Sunday, July 23, 2023

"The New Corporatism That’s Killing Capitalism"

The author of this piece, Joel Kotkin, is sort-of the anti-Richard Florida of urbanism but a bit more down-to-earth and with a wider ambit, here, meta-political economy. 

One quick note: over the course of the next few months we'll be looking at various aspects of corporatism. The guiding light for this exploration is something Jeremy Grantham was writing about over a decade ago, profit margins. Grantham made the point that profit margins are (probably) the most mean-reverting series in capitalism, mainly because high profit margins bring in competition which lowers profit margins.

The fact that profit margins have hit and held a permanently high plateau that has lasted much longer than Professor Irving Fisher's use of the phrase to characterize of the stock market*, means, by definition, that the current economic system is not capitalism.

From Mr. Kotkin's personal website, July 17:

Over the years since the financial crisis, economic power and wealth has become ever more concentrated in fewer hands. This is something leaders have acknowledged, and policymakers have tried to do something about. And yet, despite brave talk of breaking up mega-giant companies, anti-trust efforts have been anemic, as most recently demonstrated by the failure to stop Microsoft from swallowing game maker Activision.

The future looked a little brighter in the immediate aftermath of the pandemic. There were signs of a grassroots resurgence, with a strong uptick in new business formations in the United States. But since then, as interest rates have risen and regulatory pressures have increased. there has been a slackening off of new firms. Outside of high-growth areas like artificial intelligence, where most small companies are usually allied with the mega-giants, bigger is better in today’s economy.

Consolidation has been especially dramatic in the financial sector. Since the 2008 financial crisis the power of the largest investment banks has greatly expanded and they now account for almost half of the sector. The rapid concentration of US banking assets accelerated with the collapse of several regional banks and could be further accelerated by bad commercial loans. The steady loss of smaller banks — their numbers down by half over the past twenty years — removes the predominant source of credit for smaller businesses. Between 1983 and 2018, the number of banks fell from 11,000 to barely 4,000. By itself JP Morgan accounts for 13 percent of the nation’s deposits and over 20 percent of all credit cards. Profits for these large financial instutions have soared amidst a stagnant economy due to rising intersst rates.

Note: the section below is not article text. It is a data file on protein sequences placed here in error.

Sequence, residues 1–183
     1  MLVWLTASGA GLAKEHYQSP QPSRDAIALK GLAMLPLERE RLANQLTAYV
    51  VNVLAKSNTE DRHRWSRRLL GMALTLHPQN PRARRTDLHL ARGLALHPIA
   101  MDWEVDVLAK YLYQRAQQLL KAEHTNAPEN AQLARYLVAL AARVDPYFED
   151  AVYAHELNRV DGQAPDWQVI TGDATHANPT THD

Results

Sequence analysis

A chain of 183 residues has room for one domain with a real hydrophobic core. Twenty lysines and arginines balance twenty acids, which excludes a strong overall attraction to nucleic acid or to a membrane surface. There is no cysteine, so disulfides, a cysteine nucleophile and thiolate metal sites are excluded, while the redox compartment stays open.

Tech, once the bright hope for a new, innovative grassroots economy has followed suit with five or six major companies dominating the space. In fields such as social media, search, online retail, cell and computer operating systems, there is no serious challenger in sight. Stock market values are increasingly dominated by a handful of players, with large tech firms increasing their share of S&P companies from 14 percent in 2001 to almost 30 percent two decades later. Microsoft and Apple now account for over 13 per cent of the entire stock market. The current AI driven stock market bubble is accelerating this pattern. Apple, now with an unprecedented $3 trillion and its seven closest tech rivals have expanded their US technology-stock dominance. The eight most heavily valued tech companies in the US — Alphabet, Amazon, Apple, Meta, Microsoft, Netflix, Tesla and Nvidia — have risen in the past year from 22 percent to 30 percent of the S&P 500’s market capitalization.